With around 1500 members across the country and from abroad, the Canadian Economics Association (CEA) is the organization of academic economists in Canada.
The Association has for its object the advancement of economic knowledge through the encouragement of study and research, the issuing of publications, and the furtherance of free and informed discussion of economic questions. The Association as such will not assume a partisan position upon any question of practical politics nor commit its members to any position thereupon.
MTG is proud to have the very talented Marie-Hélène Brière who will be covering the CEA Conference
First day of the CEA conference
There was a sense of anticlimax for the volunteers of the CEA conference today as the event began with the opening of the registration tables. Having prepared over a thousand registration packages at the beginning of the week, the volunteers had expected to be swamped by arriving economists. It was not to be. Between 4:00 and 6:00 PM, the number of nametags in the registration boxes had barely dwindled, and while the inflow of arriving attendees was steady, it was slim. This was a case of too many idle hands and too few tasks, as volunteers stepped over each other in an attempt to find each arrival’s nametag and hand them a kit.
Conversations were pleasant, if occasionally interspersed with unfortunate awkward silences, and overall, everything flowed and rolled like the gears of a well-oiled simple linear regression. Volunteers should likely consider themselves lucky to have escaped with only a mild case of ennui and merry meetings, as the next day promises to deliver the excitement of too many tasks and too few hands. The will and spirit of these volunteers should not, however, be underestimated. These young economists in the making will be eager and energetic in their duties for at least one more day, until the tedium of the duties duly sets in.
Occasional star sightings may at the very least break the impending monotony of minor problems like missing programs, lost econometricians, and dysfunctional projectors. One volunteer found herself shakily handing a nametag to none other than R—B—, whose work she had cited on multiple occasions in term papers. Star struck… And the haphazard encounters of UofO professors may also help these hubbub-starved students get through the hours. The entertainment of Dr. Gray wondering how on Earth his nametag was handed to him before he had introduced himself, unwilling to accept his nigh-celebrity status in the eyes of the student body, or even the occasional pleasant encounter and small talk with that ECO3163 prof, and the thrill of tripping on one’s shoes in front of that econometrics professor, all these events will be truly rewarding experiences for our volunteers, who will relish the attention such stories will get them at the bar on Sunday night.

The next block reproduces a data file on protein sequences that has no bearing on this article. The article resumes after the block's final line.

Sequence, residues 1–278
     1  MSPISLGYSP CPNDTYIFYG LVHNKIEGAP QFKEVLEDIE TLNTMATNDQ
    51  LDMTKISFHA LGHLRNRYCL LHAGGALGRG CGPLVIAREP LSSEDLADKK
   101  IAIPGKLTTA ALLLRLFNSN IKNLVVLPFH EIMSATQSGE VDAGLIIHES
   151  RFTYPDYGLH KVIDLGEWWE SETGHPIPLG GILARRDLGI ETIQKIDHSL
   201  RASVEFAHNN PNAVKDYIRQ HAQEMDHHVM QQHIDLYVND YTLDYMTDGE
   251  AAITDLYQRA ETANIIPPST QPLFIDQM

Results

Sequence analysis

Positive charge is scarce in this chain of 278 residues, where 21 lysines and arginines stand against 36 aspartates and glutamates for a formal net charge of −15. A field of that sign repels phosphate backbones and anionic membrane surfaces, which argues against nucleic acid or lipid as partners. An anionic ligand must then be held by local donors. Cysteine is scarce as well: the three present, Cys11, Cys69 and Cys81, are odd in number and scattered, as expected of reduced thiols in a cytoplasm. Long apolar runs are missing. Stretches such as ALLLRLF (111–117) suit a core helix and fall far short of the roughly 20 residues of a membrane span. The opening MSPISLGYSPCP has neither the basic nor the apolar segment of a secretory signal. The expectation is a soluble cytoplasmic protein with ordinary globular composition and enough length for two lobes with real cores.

In all seriousness though, I appear to mourn these students’ fate but let us not forget that they are here by choice. If they had truly been in search of intense situations requiring rapid thinking and problem solving, or the opportunity to truly make a difference in someone’s life, or even just to be in a pressured, fast-paced environment, they would not be volunteering at the CEA conference, they’d be working for WestJet or at a Rogers’ call centre as one of those real humans. No. These are economics students, and the kick of getting to sit in the same room with the guy responsible for the unreadable fourth chapter of that development economics textbook is the real reward. Let’s face it; we economists are no daredevils, no emergency respondents, and no stunt doubles. The only rush we seek is the one that comes when we return to our Stata program that we let run overnight and no error message appears in the results window.
BY: Marie-Hélène Brière